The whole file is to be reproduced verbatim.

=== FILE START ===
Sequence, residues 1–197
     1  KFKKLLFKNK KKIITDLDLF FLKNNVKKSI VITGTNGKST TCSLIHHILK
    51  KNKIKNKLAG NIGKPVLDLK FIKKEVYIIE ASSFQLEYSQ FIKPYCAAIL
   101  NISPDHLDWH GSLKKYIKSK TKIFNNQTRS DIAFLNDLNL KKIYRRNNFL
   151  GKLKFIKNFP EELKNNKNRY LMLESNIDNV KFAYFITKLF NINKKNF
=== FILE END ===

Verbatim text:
Sequence, residues 1–197
     1  KFKKLLFKNK KKIITDLDLF FLKNNVKKSI VITGTNGKST TCSLIHHILK
    51  KNKIKNKLAG NIGKPVLDLK FIKKEVYIIE ASSFQLEYSQ FIKPYCAAIL
   101  NISPDHLDWH GSLKKYIKSK TKIFNNQTRS DIAFLNDLNL KKIYRRNNFL
   151  GKLKFIKNFP EELKNNKNRY LMLESNIDNV KFAYFITKLF NINKKNF